“Things” is a broad term. The concept of a Library of Things has popped up throughout the country, reflecting the growing library trend of circulating more than books and audiovisual materials. Here at Princeton Public Library, our “things” currently encompass technology kits, hiking backpacks and emergency preparedness tools–with more to come. Adapting to community needs and interests, the Library of Things encourages learning and sharing of resources.
I’ve been experimenting with the various gadgets, and the one I’ve enjoyed the most is the Computer Media Kit. The kit contains a webcam, microphone and Lume Cube for digital content creation. Potential uses include recording podcasts, attending telemedicine appointments, joining virtual family gatherings, livestreaming and teaching remotely.
In this new era of eLearning, the Computer Media Kit has vastly improved my experience of virtual music lessons. For a little over a half year, I’ve been studying the guqin (古琴), a 4000-year-old zither. It was a challenge to find a local teacher, so I’ve been taking regular lessons with a teacher in New York State. What would have been three hours of driving one-way is now abbreviated into one hour of preparation: dragging myself forcefully out of bed, rolling into clothes, cramming breakfast while doing some last-minute practicing and, finally, clicking a Google Meet link. Then, the lesson begins.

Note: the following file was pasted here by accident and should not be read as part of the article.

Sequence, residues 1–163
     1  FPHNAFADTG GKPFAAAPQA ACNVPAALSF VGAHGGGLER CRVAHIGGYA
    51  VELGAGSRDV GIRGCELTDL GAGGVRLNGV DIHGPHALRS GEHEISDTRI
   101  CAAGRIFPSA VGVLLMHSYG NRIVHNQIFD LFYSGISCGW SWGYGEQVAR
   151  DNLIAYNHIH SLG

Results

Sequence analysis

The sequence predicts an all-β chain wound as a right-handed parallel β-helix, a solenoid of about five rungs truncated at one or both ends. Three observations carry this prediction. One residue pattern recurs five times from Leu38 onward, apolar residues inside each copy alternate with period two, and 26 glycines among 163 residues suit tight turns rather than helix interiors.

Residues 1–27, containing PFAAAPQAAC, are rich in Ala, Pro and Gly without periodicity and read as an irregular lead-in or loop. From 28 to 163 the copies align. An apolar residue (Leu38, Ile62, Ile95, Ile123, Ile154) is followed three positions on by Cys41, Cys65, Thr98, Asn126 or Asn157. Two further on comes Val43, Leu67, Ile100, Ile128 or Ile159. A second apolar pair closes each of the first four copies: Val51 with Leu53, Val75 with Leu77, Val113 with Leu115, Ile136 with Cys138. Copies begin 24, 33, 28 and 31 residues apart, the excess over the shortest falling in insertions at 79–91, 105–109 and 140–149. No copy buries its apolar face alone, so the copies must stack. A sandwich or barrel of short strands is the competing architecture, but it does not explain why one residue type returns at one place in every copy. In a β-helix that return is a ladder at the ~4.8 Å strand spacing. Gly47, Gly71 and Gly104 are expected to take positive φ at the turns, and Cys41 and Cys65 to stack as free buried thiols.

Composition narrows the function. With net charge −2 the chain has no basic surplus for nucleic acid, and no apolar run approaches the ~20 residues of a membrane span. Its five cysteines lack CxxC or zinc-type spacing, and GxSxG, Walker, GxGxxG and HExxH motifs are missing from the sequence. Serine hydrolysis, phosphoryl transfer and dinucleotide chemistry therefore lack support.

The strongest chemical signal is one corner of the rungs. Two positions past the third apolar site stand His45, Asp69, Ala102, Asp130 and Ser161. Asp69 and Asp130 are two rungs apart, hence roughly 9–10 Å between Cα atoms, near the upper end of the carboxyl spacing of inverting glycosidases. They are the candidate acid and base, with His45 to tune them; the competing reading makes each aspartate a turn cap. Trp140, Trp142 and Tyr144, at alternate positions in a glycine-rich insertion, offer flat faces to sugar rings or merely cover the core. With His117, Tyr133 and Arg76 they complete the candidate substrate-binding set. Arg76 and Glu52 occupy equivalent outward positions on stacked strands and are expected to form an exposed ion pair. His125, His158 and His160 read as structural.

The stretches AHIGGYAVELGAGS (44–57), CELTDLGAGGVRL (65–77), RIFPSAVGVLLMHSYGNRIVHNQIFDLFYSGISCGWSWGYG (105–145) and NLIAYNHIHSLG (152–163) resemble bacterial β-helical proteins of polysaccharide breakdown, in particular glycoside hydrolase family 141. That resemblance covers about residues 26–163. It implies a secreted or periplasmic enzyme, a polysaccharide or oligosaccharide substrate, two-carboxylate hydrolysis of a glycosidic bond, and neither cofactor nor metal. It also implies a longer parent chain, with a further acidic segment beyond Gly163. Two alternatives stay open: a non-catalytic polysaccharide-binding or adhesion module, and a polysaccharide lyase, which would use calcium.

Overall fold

I relish tweaking the Logitech webcam and accompanying tripod to find the best angle for broadcasting my performance. Usually, I leave my laptop right in front of me, so I can watch my teacher. Then, I situate the webcam on the farthest corner of my desk to capture the nearly four-foot horizontal instrument in frame. There is a free Logitech G Hub app to customize zoom, focus and exposure. The difference in video quality between my hazy laptop webcam and the Logitech webcam is striking. Additionally, between lessons, I’ve used the Rode microphone to record videos of my practice to send to my teacher. The kit includes USB adapters that easily hook up both the webcam and the microphone to Macbook Thunderbolt ports.
With all these tools, my performance and dexterity–or lack thereof–are on open display. This transparency is ideal so my teacher can get a full picture of my learning progress. When I send recordings, she can pause, replay moments and screenshot to mark any technical errors. The microphone picks up a crisper sound, which allows her to provide accurate feedback. Since guqin is a fretless string instrument that incorporates subtleties of hand gestures and nuances of pitch, every bit of visual and auditory information becomes a part of the performance. I feel more confident as an online student with the library’s resources at hand.
To try the kit out for yourself, place a hold or visit the first-floor Checkout Desk at the library.
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